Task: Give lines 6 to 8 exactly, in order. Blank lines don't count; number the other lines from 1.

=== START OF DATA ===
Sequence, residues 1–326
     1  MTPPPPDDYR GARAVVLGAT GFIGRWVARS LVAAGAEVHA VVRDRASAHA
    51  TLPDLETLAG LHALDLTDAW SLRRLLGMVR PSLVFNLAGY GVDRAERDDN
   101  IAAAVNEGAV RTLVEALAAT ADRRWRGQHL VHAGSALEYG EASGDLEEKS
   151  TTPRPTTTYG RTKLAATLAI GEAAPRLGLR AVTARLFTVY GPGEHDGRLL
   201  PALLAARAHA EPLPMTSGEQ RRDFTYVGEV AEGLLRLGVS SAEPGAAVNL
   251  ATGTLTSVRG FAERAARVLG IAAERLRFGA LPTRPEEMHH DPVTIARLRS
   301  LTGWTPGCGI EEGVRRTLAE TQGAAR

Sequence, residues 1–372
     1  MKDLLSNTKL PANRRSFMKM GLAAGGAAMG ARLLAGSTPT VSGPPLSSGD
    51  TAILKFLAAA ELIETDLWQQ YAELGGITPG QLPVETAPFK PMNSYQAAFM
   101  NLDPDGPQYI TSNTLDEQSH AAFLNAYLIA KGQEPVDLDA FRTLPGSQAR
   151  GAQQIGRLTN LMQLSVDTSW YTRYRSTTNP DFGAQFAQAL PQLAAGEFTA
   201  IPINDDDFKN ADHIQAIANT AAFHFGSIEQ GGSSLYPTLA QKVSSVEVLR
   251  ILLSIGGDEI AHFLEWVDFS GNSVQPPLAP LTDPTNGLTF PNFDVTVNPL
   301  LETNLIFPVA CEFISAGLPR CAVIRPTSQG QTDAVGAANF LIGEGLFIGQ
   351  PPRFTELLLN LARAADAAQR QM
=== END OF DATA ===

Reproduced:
   201  PALLAARAHA EPLPMTSGEQ RRDFTYVGEV AEGLLRLGVS SAEPGAAVNL
   251  ATGTLTSVRG FAERAARVLG IAAERLRFGA LPTRPEEMHH DPVTIARLRS
   301  LTGWTPGCGI EEGVRRTLAE TQGAAR